“just-washed hands/ stained again/with blackberry juice”
December 15, 2014
There is poetry, beautiful poetry, and then there is haiku poetry:
tongue whispers lip
silk drifting down
feather light stroke
I just created the above haiku in an attempt to describe what haiku poetry is or more concisely what it is to me.
I have had the pleasure and challenge to do many book reviews and several of these have been books of poetry. Only one has been a review of a haiku poetry book, produced on tiny pages. Such an elegant delight to touch it, read it and do the following review:
Gulf Islands Driftwood
December 21, 2005
Poetry inspires coming to our senses
A Shower of Blossoms: A Collection of Haiku and Images of Salt Spring Island by Elehna de Sousa,, Salt Spring Island: Rainshadow Books, 2005. $14.95
by Tanya Lester
Eventually this tiny chapbook (100 mm wide by 130 mm long) of haiku poetry and photographs will find its way to my white dresser top next to Kahlil Gibran’s Patterns of Happiness.
Not that Elehna de Sousa’s A Shower of Blossoms has the same effect on me as the words of the 19th-century prophet-philosopher does. Gibran opens up the doors of my mind to wisdom. De Souse makes me come to my senses:
the pungent smell of
Instantaneously, I feel, see and smell one of my favourite walking haunts — a trail between Churchill and Long Harbour roads just north of Ganges. Of course, the skunk cabbage that grows there is probably not of the same vegetative group that awakened de Sousa,s muse since she lives in the south end.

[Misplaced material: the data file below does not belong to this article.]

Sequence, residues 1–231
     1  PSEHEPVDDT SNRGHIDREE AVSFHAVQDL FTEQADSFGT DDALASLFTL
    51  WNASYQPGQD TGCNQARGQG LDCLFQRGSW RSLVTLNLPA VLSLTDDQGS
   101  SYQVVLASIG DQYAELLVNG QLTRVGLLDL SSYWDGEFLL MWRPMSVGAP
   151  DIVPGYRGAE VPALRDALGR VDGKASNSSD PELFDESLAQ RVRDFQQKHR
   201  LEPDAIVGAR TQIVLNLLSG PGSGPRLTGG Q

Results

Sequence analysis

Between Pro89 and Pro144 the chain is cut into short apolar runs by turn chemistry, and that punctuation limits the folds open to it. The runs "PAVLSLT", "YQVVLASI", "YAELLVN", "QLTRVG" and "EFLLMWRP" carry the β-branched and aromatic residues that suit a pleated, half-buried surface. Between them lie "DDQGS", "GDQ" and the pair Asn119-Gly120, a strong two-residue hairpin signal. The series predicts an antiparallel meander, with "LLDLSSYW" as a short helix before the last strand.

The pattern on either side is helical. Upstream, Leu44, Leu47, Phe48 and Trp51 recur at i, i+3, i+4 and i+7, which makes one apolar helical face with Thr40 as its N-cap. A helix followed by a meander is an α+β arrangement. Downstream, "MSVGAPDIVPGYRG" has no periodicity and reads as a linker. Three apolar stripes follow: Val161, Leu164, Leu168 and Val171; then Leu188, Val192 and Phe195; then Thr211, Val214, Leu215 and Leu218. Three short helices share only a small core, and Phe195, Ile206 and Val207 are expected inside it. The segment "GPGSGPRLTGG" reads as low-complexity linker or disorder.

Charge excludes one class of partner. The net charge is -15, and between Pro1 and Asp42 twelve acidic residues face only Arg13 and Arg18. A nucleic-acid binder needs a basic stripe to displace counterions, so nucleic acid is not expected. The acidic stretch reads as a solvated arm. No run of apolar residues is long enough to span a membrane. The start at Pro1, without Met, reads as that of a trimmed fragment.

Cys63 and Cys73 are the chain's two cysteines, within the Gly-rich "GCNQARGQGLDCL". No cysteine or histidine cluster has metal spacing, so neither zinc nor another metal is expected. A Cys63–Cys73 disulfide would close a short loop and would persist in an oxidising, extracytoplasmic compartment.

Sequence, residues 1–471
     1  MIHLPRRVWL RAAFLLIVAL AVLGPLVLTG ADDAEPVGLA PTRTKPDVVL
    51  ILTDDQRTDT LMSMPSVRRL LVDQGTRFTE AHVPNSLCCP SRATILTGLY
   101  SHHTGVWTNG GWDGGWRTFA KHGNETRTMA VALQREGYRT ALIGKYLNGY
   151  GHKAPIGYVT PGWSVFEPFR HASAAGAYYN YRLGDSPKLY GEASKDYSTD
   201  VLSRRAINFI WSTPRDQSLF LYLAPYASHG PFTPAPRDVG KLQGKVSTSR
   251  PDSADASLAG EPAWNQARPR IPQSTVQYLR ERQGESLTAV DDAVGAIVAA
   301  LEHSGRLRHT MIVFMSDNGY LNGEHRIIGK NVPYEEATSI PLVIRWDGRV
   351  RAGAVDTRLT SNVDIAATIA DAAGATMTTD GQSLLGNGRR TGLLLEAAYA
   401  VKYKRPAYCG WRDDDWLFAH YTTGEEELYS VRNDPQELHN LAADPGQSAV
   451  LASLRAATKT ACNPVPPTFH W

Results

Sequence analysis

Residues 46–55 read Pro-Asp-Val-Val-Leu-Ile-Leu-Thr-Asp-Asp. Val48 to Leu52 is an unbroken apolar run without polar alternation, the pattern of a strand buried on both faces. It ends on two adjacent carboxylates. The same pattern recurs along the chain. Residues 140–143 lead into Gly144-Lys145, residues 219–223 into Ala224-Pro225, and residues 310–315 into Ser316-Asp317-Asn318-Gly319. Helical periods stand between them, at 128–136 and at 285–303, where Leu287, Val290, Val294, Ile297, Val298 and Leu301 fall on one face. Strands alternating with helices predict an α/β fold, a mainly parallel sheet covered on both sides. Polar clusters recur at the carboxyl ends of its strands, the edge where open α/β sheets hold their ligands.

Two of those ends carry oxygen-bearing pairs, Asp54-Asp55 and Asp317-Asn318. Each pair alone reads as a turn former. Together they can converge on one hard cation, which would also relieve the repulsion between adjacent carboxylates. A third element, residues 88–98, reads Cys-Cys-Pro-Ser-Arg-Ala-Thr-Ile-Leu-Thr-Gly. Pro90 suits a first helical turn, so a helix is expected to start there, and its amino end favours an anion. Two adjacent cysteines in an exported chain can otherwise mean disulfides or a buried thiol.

The point is: the poet uses this delicate Japanese form, along with vivid photographs, to revel in Salt Spring Island’s natural beauty:
again and again
the shriek of an eagle
The first of the three unrhymed lines sets the scene. The second connects to the third line, which presents the image that the poet wants us to focus on. Less is more in haiku:
with blackberry juice
You need to pause, sink in to the moment and celebrate its beauty. That is why I intend to pick de Sousa’s poetry book up off my dresser top and randomly open it up to one haiku each day. It will be a daily reminder of the beauty that surrounds me; a daily encouragement to get out into it.
What better gift to give yourself or someone you care about?
To read the earliest posts in this blog, please go to writingsmall.wordpress.com
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Confessions of a Tea Leaf Reader by Tanya Lester can be purchased from the author or by going to the title and author name (to read the first few pages and buy it) at amazon.com
Tanya Lester’s other books are Dreams & Tricksters, Friends I Never Knew and Women Rights/Writes. They are available in some library systems and at the Legislative Library of Manitoba.